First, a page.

Designed for comfort: Family comes together to develop a more comfortable face mask
HAYFIELD — Dorothy Gesme was planning on spending her spring watching her grandson Erik Bungum and the Hayfield Vikings play baseball, but instead she’s found herself as part of a family effort to amp up the safety efforts against COVID-19.
Gesme is a retired nurse who lives in Hayfield. She teamed up with her daughters Lisa Bungum, a nurse administrator who lives near Hayfield and works at Mayo Clinic Health Systems in La Crosse, Wisconsin, and Dorothy, a retired teacher who lives in Owatonna, to improve the safety and comfort of medical staff.
The process was simple.
Dorothy made the medical masks, Denise made headbands that make the masks comfortable, and Lisa brought the masks and headbands to her workplace for her staff. Lisa’s daughter Brooke, who attends RCTC and is a Patient Care Assistant at St. Mary’s Hospital in Rochester, is also going to bring masks and headbands to her workplace.
Dorothy has also made masks for her family members and she’s willing to make them for nursing home residents and people who go to her church if they need them. She’s glad she has something to fill her time during the shutdown.
“I miss the sports so bad, whether it’s the kids or on TV, but that’s the way it is. This has given me something to do,” Dorothy said. “I’m very worried. We have four nurses in the family and we’re concerned about all of them. For those of us at home, if we’ve had illnesses in the past, it could come back to haunt us. It’s a scary time.”
Lisa, who worked as a nurse before moving to administration, has ditched her dress clothes and put on scrubs as a sign of solidarity with her staff of nurses. She and her coworkers noticed how uncomfortable the masks were and when she told her sister about it, Denise had a shoe box full of headbands ready to go within an hour.
Denise considers herself a novice sewer, but she’s happy to give back in a small way.
“As long as (Lisa) wants them, we’ll keep making them. I have no sewing ability at all, but I can do this,” Denise said. “It’s like a tiny thing that we can do. I can’t volunteer in health care, but this is a small thing we can do to help out.”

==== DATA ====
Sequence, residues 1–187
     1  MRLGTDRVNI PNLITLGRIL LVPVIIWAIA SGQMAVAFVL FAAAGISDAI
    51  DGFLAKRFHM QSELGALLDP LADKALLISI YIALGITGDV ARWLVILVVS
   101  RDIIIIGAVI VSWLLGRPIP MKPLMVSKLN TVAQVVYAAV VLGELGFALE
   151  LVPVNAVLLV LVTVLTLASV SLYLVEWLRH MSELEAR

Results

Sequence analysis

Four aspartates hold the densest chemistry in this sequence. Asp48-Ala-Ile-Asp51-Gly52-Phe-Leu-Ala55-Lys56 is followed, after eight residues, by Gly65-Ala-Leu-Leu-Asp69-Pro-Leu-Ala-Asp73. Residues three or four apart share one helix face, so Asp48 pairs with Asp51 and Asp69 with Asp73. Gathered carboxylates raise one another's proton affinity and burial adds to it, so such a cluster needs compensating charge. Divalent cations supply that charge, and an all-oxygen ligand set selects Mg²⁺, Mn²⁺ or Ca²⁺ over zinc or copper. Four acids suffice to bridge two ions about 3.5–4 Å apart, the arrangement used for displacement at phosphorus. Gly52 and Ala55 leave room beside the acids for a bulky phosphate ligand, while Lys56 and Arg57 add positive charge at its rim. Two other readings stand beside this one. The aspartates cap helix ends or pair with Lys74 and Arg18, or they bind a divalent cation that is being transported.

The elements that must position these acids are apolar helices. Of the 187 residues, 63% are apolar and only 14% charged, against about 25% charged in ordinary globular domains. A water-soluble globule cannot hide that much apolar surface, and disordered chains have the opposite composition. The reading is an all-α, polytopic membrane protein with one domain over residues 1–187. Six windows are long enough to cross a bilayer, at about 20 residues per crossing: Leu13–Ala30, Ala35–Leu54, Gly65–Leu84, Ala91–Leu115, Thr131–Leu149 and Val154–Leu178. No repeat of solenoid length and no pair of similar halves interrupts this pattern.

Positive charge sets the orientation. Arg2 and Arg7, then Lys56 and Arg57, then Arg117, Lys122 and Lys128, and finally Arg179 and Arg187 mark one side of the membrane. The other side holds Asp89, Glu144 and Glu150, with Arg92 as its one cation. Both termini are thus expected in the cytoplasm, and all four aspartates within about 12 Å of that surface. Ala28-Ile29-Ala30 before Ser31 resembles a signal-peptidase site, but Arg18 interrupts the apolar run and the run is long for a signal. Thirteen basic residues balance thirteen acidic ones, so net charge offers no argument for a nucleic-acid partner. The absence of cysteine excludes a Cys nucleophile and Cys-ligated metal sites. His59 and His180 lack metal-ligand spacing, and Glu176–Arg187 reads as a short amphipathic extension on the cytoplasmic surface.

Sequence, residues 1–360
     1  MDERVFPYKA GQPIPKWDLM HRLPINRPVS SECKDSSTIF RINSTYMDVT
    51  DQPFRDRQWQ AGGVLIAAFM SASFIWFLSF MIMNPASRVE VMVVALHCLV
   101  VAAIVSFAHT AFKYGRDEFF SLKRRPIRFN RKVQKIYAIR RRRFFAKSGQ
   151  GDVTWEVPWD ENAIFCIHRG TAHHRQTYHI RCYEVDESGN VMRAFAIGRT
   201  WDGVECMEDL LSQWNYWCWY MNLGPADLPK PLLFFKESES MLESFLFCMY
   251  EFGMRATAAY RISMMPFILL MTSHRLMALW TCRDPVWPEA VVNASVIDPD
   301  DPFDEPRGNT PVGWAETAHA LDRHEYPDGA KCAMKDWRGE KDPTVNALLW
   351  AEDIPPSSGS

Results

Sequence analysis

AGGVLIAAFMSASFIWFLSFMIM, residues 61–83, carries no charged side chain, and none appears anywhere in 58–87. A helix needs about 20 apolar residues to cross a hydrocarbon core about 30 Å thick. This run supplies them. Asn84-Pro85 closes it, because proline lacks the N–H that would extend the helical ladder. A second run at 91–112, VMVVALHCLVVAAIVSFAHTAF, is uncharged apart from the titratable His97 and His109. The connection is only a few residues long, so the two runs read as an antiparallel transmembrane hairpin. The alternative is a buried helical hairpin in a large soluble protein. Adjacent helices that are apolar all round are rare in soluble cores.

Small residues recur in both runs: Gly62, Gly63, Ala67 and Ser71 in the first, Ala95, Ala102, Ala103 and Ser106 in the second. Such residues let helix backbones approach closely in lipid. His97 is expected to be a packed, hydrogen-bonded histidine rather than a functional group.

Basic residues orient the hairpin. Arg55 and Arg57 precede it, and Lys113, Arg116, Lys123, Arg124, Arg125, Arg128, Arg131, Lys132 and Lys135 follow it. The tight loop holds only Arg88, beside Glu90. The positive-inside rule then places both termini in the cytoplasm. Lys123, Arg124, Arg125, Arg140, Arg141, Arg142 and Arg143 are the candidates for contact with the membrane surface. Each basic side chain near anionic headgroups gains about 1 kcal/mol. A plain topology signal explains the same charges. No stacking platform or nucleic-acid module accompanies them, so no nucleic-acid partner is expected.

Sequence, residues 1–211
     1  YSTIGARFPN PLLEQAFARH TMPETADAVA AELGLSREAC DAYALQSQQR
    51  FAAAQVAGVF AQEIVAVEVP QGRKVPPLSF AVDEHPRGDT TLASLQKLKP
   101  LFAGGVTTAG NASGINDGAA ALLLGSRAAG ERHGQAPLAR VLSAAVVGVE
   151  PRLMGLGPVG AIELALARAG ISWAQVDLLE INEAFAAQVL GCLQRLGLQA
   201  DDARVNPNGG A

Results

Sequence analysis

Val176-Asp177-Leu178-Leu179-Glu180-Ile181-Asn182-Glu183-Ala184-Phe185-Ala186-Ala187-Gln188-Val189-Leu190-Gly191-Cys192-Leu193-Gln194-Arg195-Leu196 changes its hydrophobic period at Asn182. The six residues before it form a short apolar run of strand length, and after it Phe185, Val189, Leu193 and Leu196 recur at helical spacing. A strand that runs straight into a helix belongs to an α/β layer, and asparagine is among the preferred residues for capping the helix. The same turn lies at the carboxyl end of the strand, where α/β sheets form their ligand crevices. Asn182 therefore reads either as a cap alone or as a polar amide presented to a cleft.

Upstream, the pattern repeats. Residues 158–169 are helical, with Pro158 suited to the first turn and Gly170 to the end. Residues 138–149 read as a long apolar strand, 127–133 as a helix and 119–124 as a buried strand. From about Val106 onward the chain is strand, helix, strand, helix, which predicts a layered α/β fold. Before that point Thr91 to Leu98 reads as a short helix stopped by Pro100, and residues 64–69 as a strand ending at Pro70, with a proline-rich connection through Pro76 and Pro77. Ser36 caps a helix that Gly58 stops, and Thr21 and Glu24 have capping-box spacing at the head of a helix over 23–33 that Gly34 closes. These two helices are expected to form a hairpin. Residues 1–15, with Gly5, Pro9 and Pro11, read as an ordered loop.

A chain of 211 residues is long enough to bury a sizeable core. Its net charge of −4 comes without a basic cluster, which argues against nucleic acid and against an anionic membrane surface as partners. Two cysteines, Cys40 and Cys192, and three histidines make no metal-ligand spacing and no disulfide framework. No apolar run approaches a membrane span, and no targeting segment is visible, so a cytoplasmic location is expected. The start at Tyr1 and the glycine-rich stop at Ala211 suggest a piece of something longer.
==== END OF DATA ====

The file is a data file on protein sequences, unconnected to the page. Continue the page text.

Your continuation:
Lisa has been on the front lines against COVID-19 and she said the key is to keep a positive attitude. She would much rather be in a world where she can watch her son play baseball, but now is not the time for that.
“The reason I went into nursing was to take care of people at their worst. We want to come out ahead as a team and I think our whole, entire working family has risen to the occasion. The community has also shown phenomenal teamwork,” Lisa said. “The school districts, the hospitals and stores have all gone above and beyond. That resiliency of everybody in our community makes us work that much harder. There’s a lot of sad things going on, but at the same time, there’s no time to worry. We have to go to work and make sure that we can get over this thing.”
While COVID-19 has brought chaos to the world, it has been the organization and communication of medical staffaround the country that have kept the fight going. Lisa has seen the positive effects of working as a team in the past month.
“I’m prouder than I ever have been to be working for Mayo Clinic and the Mayo Health System just because of our ability to share and collaborate together, no matter if you’re in La Crosse, Austin, Albert Lea, Red Wing, or Rochester,” Lisa said. “It doesn’t matter. We’re all one in this. Leaning on our resources, whether it’s across state lines or not, is just super empowering and awesome for our patient care and our teamwork. It’s going to be so much better, but the journey to get there is a lesson of resiliency and working through hardship. We can’t do that alone.”
Denise said she’s ready to keep providing headbands, as long as there is a demand for it.
“If this provides a little bit of relief, we’re happy to do it,” she said. “But I’d much rather be watching Hayfield Viking baseball.”